The Nomenclature of Genitalia (2/3)

It was getting harder and harder to ignore the fact that in journal after journal the human female genitalia consistently had more arrows pointing to it than the human male genitalia.

I’m not talking about all the inside stuff, just the stuff that shows. The part count was demonstrably lopsided and decidedly incorrect. And every place I looked the error was repeating itself.

Some quick math confirmed there was a consistent 1:3 ratio in the discrepancy. All in favor of the female. As a man I found the disparity irritating. As a scientist I wanted to know why.

I did a thorough part count of my own genitalia 10 times and averaged the results. According to my findings the ratio was nearly reversed. I came up with 1:2 favoring the male. Was that why one was more highly regarded than the other? And from my count it was the wrong one. Female genitalia was getting credited for having more parts than it actually had. And unfairly garnering most of the attention as a result. I was sure of it.

To prove it I needed to develop a competent criteria for determining what was and what wasn’t a bonafide part. And then apply the same standard to both. It was the only way to scientifically confirm the error and then take the necessary steps to document it. I wanted to publish a strong enough paper to correct this misunderstanding. That was my focus now.

In order to be considered a genuine part did it have to do something that no other part did? Could it be near a part that did roughly the same thing and still be considered a separate part? Maybe by taking advantage of the natural symmetry of human genitalia I could draw an imaginary line right down the middle, do my count on one side only and then multiply by two. But if the line bisected a part, then I would have to divide by two after the initial doubling. That might save me some time but could detract from my study’s verisimilitude. Good science only has so much patience and taking shortcuts can test it sorely.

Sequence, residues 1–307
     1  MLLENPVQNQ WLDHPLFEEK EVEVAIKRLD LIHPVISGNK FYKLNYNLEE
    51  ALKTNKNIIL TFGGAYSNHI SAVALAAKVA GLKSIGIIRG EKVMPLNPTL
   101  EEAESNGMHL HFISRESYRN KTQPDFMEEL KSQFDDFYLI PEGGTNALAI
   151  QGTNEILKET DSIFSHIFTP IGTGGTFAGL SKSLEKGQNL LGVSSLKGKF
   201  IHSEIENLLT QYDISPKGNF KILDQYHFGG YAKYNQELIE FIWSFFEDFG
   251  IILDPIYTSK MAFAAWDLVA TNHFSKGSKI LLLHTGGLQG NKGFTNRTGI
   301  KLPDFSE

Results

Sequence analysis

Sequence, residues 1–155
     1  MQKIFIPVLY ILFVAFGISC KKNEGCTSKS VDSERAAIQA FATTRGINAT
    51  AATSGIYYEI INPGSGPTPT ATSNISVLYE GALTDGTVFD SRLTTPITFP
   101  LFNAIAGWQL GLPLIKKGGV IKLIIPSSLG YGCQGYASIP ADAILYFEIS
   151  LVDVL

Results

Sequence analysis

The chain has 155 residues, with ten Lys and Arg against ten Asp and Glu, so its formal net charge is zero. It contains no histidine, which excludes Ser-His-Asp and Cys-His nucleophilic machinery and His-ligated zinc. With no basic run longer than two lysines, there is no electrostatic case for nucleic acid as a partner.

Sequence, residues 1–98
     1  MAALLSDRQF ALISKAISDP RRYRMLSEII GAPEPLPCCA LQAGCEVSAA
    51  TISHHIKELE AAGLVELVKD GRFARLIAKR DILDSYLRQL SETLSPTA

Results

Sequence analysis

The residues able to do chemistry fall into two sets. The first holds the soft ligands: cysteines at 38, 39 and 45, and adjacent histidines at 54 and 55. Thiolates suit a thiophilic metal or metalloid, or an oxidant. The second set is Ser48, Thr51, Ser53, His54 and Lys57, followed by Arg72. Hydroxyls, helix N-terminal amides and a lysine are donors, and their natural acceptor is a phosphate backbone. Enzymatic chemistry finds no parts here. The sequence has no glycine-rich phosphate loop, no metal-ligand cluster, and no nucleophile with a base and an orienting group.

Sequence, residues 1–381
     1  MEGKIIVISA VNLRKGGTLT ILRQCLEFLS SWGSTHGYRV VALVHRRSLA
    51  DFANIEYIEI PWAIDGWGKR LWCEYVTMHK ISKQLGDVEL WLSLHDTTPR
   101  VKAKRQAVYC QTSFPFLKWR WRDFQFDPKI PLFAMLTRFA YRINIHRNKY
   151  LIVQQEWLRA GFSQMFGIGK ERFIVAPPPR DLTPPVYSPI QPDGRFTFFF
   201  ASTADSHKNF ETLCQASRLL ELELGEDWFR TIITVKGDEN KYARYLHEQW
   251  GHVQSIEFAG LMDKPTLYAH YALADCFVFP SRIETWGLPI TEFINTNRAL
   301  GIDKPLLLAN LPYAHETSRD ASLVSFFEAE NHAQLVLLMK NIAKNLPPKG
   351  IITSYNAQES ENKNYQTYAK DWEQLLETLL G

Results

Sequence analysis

I decided to look at it from the perspective of functionality. I spent some time determining if the part being pointed at actually did anything or not. In the case of the female few did. Maybe the germane question here is, “Can something be something even if it doesn’t do anything?”

Considering the organs as a whole, I contemplated the fairness of putting forward the observation that from a purely functional point of view one seemed to do much more than the other. Irrespective of how many arrows were pointing at it. I try to avoid metaphors in my work but in the world of hammers and boards which one actually does something? A hammer, once taken in hand, can beat itself here and there but the board can do little more than lie there waiting to get nailed.

Logical as that was, it did not negate the fact that if something has more arrows pointing at it, it’s going to be of greater interest and attract the most attention. Was one erroneously receiving the accolades that rightfully belonged to the other? Was one more maligned and the other more flattered than it had a right to be? In the case of the female, in many instances, I had to squint to see what the arrow was actually pointing at. In the case of the male every denoted part was clearly visible, its function obvious.